Where Does Tourism in China Now Stand?

Where are people traveling? Most clusters are in the Yangtze River Delta around Shanghai and the Pearl River Delta around Guangzhou, plus Sanya on the southern island province of Hainan Island for a luxury stay in a hotel on the beach. The adventurous have flocked to far flung destinations in the far-western provinces of Gansu and Qinghai. It was a shock for me to learn that we had to reroute several clients because there was a shortage of hotel rooms.

As expected, travelers are seeking to avoid city crowds and are instead going into nature for some fresh air. Rural villages that offer an idyllic setting and lifestyle are popular. Families with young kids and millennials have embraced RV camping, rafting and hiking.

Chinese travel agencies have pivoted quickly to cater to this change, offering short domestic trips in place of tour packages to Europe and Thailand. One agency in Southwest China’s Yunnan province sold a three-day, two-night tour to the neighboring province of Guizhou to 120 travelers for a whopping price of 400 yuan ($58) per person, with lodging, transportation, food and entrance fees all included. “The general manager of the travel agency came on the trip and told us that they had priced the tour well below cost just to get people moving again. The trip was a great value — cheap and good. I’d be happy to go again,” Zhang Minqiang, a resident of Yunnan’s capital of Kunming, told me.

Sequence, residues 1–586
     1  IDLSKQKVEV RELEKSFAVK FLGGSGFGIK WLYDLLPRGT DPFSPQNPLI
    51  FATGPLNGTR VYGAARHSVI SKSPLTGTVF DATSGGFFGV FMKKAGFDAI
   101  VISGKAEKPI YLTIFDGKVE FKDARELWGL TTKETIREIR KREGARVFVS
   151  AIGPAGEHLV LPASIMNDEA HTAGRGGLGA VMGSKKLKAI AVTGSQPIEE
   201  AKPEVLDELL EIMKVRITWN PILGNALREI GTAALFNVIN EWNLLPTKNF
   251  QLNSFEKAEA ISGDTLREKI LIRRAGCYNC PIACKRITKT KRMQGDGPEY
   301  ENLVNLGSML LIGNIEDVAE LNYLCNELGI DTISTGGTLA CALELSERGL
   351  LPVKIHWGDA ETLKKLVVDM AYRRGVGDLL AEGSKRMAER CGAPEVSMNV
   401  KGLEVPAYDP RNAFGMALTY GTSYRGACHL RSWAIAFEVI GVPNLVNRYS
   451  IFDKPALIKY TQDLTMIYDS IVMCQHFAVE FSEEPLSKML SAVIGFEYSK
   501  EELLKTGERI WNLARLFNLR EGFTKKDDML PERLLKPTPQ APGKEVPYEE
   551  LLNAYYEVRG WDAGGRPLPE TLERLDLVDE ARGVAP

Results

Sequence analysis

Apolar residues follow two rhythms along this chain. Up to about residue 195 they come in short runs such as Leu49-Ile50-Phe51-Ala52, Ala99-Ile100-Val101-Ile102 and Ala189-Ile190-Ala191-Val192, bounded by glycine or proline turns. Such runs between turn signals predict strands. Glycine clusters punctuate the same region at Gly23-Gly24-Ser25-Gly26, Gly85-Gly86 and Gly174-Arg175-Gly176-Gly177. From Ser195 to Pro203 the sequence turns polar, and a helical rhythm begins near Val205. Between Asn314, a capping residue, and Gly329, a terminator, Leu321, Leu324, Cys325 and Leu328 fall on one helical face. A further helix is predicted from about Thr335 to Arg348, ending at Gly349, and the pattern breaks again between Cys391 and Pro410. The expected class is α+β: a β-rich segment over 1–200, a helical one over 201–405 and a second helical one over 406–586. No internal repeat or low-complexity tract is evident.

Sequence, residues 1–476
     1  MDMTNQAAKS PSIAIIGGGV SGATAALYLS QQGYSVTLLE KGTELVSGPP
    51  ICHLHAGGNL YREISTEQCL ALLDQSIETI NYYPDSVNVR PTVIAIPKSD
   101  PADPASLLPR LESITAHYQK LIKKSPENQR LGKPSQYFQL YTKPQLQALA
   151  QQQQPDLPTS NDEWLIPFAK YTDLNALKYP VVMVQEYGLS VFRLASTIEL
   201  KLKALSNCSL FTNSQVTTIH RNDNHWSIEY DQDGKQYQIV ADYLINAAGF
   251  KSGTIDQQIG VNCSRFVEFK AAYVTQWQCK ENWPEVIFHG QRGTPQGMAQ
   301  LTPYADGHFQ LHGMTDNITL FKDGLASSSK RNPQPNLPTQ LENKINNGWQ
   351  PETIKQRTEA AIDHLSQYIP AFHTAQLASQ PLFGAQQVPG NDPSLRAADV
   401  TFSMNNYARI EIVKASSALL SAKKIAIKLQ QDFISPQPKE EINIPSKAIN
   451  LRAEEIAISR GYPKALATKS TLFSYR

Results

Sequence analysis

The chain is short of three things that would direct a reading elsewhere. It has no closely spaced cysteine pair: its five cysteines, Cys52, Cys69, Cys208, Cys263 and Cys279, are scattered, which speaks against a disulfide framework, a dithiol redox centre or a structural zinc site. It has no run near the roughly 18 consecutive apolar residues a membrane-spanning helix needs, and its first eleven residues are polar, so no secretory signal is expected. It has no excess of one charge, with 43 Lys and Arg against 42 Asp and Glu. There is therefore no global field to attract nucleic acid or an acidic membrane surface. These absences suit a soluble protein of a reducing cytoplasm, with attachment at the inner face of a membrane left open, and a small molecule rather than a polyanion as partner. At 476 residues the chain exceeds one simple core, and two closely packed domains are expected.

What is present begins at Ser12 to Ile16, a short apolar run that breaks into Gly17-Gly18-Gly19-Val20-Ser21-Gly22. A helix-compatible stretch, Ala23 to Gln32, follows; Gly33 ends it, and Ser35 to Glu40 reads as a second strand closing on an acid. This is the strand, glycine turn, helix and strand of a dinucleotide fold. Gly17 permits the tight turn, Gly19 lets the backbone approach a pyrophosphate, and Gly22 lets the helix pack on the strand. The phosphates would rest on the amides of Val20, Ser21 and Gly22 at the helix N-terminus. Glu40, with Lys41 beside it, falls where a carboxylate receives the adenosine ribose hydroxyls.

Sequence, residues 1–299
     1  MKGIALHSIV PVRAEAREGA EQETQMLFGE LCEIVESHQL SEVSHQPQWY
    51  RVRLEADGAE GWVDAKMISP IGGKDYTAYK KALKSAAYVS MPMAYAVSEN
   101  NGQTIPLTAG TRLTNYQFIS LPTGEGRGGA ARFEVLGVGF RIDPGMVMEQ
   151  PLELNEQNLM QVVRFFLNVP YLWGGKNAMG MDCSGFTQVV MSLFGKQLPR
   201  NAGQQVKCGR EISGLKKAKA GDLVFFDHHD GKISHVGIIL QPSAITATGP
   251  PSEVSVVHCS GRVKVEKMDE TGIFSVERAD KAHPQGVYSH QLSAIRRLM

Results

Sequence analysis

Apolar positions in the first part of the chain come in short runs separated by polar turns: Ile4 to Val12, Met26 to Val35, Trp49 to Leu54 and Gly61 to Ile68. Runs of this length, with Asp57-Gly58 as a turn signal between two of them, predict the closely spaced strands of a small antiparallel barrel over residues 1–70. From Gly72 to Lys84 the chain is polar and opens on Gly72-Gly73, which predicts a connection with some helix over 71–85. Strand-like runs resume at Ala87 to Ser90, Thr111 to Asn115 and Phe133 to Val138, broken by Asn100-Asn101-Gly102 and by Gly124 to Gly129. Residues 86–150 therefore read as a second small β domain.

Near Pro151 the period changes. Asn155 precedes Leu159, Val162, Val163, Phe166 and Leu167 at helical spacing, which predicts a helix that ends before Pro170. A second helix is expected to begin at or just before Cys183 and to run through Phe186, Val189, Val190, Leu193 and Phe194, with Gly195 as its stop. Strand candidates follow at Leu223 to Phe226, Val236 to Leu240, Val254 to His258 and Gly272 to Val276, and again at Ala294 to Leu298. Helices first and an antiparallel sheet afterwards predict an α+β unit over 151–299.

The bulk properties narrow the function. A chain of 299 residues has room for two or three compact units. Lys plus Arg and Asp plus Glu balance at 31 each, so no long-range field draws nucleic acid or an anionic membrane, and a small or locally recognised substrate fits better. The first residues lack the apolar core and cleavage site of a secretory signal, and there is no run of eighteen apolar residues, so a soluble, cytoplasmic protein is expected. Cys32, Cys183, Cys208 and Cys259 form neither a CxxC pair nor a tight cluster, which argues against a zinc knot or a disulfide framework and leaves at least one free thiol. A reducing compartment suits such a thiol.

Where Does Tourism in China Now Stand?

Two surprise beneficiaries from the pandemic in China are Little Red Book and Douyin, the Chinese version of TikTok, which are emerging as the most popular apps for user-generated travel content, replacing the industry giant Trip.com.

My unscientific guess is that young people in lockdown just have a lot more time to create short videos of their travels, and also more time to browse. The two apps are perfect platforms for short and sweet video teasers to make one itch to travel. Screen time is a parent’s enemy, but it’s gold on the internet. 

So far, the recovery is limited to domestic travel within China. When will the curve happen to the larger world? Sadly, I think that’s going to be a while. Leisure travel is a luxury in life, not a necessity like toilet paper. People will need to feel safe before they travel for fun again.